It’s school picture time, which means I now have an envelope full of assorted-sized photos of my daughter, and need to decide which family members will want which size, if any, to remember this 4-year-old version of her. She goes to the same preschool as last year, and they used the same photographer, which means the background and lighting are identical to the 3-year-old version of her already gracing their walls and bookshelves. The only notable differences this year are a slightly less babyish face, and that her pruny thumb (freshly tugged from her mouth) isn’t in the photo this time.
The class picture is another story. 30 smiling children appear to be sitting obediently for this precious moment to be captured. The photographer did a great job. I know, because I was there, and watched the teachers scrambling to assemble the herd of 4-year-olds into neat rows. How the photographer managed to get even one good photo of them, everyone’s eyes open, smiles on every face, no pushing or shoving caught on film, is amazing. My daughter may be beaming the brightest in the picture, a drastic shift from her tearful disposition moments before. Something about the camera and lights frightened her, and she wanted nothing to do with this picture business. I just about had her convinced that it would be fine, when her preschool teacher looked at her and asked, “Would you feel better if your mom was in the picture with us?” Was there any chance she’d say no?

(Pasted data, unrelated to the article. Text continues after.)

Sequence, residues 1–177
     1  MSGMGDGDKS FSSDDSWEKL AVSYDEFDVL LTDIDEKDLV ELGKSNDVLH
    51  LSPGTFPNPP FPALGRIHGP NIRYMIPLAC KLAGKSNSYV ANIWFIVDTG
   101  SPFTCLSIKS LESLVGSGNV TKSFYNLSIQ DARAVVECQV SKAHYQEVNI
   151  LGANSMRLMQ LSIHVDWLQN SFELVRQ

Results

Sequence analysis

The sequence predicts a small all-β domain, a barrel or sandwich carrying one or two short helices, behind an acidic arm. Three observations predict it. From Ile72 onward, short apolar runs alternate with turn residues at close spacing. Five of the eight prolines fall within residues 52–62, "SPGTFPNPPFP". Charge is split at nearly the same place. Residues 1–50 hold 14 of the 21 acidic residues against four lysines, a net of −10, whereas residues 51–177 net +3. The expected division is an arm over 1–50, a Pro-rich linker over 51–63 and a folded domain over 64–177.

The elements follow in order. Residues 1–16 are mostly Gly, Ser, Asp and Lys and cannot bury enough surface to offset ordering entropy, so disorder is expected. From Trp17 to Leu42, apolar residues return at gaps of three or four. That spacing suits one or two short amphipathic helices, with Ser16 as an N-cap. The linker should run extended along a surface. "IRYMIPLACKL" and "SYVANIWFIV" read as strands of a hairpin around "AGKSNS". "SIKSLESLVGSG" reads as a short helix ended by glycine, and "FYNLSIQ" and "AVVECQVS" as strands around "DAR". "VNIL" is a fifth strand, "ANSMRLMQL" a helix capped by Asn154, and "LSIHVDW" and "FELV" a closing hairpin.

So it’s a nice picture, of those 30 grinning kids, their 3 dedicated, patient teachers, and me, holding my oldest daughter, with my youngest one (who doesn’t even attend this school) at my hip. I fielded several questions from classmates of hers, wanting to know why their mommy wasn’t going to be in the picture, too. I never did come up with a good answer. My two-year-old couldn’t be more proud. In the picture with big sister’s class! She shows the photo to every visitor, “Do you see me? I’m right there!”
So now I’ll slide my daughter’s 3-year-old photo out of its frame, replace it with the 4-year-old one, until the 5-year-old version comes along, this annual emblem of time marching slowly forward. But I’ll keep this class picture in a safe place, so that when my oldest is a turbulent teen and claims that I don’t understand her and have never cared about her, I can pull it out and remind her that at one time, all I had to do was stand next to her to make everything better.